Influences: V for Vendetta (2005) and National Politics

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Over the past few months, I have been hard at work on a short film series called Echelon. Set in a futuristic dystopia, Echelon criticises contemporary political policy regarding economy, as well as exploring the harmful impact of individuals’ decadence and, ultimately, the end justifying the means. I’m taking influence from other films and real world events, and in this article series; titled Influences; I explore the former. This week, I’ll be looking at James McTeigue’s cinematic adaptation of the graphic novel, V for Vendetta, and how its political structure serves as an influence, and a warning. Moreover, as a little bonus, I will also be exploring its relevance to our society

So. Have you heard? We are currently experiencing a global recession, and it’s not pretty. Not only that, but can you believe it has taken a significant toll on Britain, too? I know, it’s crazy, but it has, and a lot of people have suffered as a result of the recession, as well as certain governmental economic policies. Something that has affected me particularly significantly are the recurring cuts and tax hikes levied against the arts, and although the 2013 Autumn Statement assures that the government will consider tax relief on this invaluable asset (in Spring, 2014, I might add), I think it’s safe to be sceptical of such vague promises from politicians. Nick Clegg, I’m looking at you. Call me melodramatic, but it feels somewhat oppressive to have your conception of beauty treated so candidly by authoritative bodies.

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Such issues are addressed in V for Vendetta, or at least a satirical representation of them is, and it is from here, as well as from our current political structure, that I take inspiration for the presentation of such a topic in Echelon. Let me be clear, I am aware that we do not live in anything nearly as bad as a dictatorship (go democracy), but V for Vendetta offers a critical reflection of our potential future, if the government is allowed to act so recklessly.

If you haven’t seen the film, it’s basically a dystopian alternative reality to Britain, one where a totalitarian dictator rules mercilessly over a country crippled by fear. Amongst this, a somewhat rebellious young woman, Evey (played by Natalie Portman), encounters a mysterious masked figure known only as V (Hugo Weaving), who has a vision to inspire freedom in an otherwise caged society. V takes Evey on a journey of realisation, and we, the audience, join her on it, as the government is revealed to be rife with corruption, decadent, and altogether bad.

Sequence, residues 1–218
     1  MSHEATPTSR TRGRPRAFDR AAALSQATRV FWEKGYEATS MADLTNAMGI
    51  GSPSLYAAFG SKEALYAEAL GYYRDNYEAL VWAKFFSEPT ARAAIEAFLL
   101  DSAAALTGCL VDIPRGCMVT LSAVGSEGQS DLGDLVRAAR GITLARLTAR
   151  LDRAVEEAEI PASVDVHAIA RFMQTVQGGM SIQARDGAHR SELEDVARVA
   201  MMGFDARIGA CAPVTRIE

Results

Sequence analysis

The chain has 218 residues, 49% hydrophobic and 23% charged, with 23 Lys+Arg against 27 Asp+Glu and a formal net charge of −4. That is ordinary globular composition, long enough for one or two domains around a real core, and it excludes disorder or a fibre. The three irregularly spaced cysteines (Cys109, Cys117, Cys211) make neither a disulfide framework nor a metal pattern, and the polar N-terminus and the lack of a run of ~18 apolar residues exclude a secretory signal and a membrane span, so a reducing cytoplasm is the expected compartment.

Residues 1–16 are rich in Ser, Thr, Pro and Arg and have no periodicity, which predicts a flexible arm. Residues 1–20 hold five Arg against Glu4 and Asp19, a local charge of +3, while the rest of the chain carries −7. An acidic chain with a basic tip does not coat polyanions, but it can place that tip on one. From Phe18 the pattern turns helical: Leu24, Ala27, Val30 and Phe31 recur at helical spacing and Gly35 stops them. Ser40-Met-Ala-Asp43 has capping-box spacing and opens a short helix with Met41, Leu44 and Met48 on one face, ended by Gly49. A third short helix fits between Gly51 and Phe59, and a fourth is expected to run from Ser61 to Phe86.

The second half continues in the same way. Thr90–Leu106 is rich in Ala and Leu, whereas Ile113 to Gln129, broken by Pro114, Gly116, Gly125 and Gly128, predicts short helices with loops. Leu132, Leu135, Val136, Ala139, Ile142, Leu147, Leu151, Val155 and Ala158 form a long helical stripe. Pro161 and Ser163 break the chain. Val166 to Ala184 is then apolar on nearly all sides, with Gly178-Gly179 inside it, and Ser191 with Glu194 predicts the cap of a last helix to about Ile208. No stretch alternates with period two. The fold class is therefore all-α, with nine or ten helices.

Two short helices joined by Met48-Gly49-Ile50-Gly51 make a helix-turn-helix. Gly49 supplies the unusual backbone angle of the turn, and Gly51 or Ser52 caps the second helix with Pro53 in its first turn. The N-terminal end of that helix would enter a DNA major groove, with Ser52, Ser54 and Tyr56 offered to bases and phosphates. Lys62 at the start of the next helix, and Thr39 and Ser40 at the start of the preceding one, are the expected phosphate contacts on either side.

On top of this, anything that may evoke powerful emotion (i.e. art) is put on a black list and hidden away; for fear that it may inspire revolt or uprising. Needless to say, certain thematic issues that arise in V for Vendetta chime well with my own views. It is with no exaggeration when I say that I believe art always has, and always will have the capacity to cause significant change, no matter what the circumstances. So naturally, seeing a vision of a world where art is taken away resonates with my own concerns regarding real political policies that attack culture. In turn, this film served as the foundation in constructing my own corrupt government. However, I wanted to take this even further, and so looked to my own sense of disparity when discussing politics in my art.

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Echelon sees a world where Britain’s economy has suffered so greatly at the hands of selfish politicians, that it has been broken down into sectors, auctioned off to the highest bidder. In the case of Echelon, the titular and name of the specific sector it is set in, the highest bidder is a criminal mogul, known only as The Count, and he isn’t a very considerate man. In respect to our own economic state, the recent selling of the Student Loan Book, which provides the state with short-term relief at the expense of citizen security, strikes me as a cause for concern. Whilst in contrast, The Robin Hood Tax, a propositioned taxation on the financial sector (which, frankly, could handle it) has been resisted for almost three years now, preserving a small fraction of the rich’s wealth and decadence, once more, at the expense of the public.

Therefore, armed with an agenda to address, I am looking at the way in which V for Vendetta represents the ideological stance of its creators as a case study when conveying my own thoughts and beliefs. Ultimately, I think now more than ever is the time for major change, and despite its theatricality and exaggeration, art is the vessel needed to implement this change.

“Artists use lies to tell the truth, while politicians use them to cover the truth up.”

– Joe Aldous

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3 thoughts

  1. Pingback: Echelon: Poster | (Y) Creatives

  2. Pingback: Echelon | (Y) Creatives

  3. Pingback: V for Vendetta (2005) | timneath

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